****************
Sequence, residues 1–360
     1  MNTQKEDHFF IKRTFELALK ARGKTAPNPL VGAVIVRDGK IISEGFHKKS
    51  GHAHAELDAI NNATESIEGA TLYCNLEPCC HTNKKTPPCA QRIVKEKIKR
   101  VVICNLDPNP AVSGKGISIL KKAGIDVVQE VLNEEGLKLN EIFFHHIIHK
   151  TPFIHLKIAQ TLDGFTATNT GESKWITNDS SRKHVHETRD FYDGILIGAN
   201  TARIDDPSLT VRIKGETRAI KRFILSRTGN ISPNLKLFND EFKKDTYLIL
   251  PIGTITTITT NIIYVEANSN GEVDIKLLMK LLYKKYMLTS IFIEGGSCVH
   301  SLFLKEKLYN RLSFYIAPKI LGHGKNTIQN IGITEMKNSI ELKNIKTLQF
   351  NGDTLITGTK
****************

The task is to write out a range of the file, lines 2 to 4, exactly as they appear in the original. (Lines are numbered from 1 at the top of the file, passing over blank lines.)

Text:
     1  MNTQKEDHFF IKRTFELALK ARGKTAPNPL VGAVIVRDGK IISEGFHKKS
    51  GHAHAELDAI NNATESIEGA TLYCNLEPCC HTNKKTPPCA QRIVKEKIKR
   101  VVICNLDPNP AVSGKGISIL KKAGIDVVQE VLNEEGLKLN EIFFHHIIHK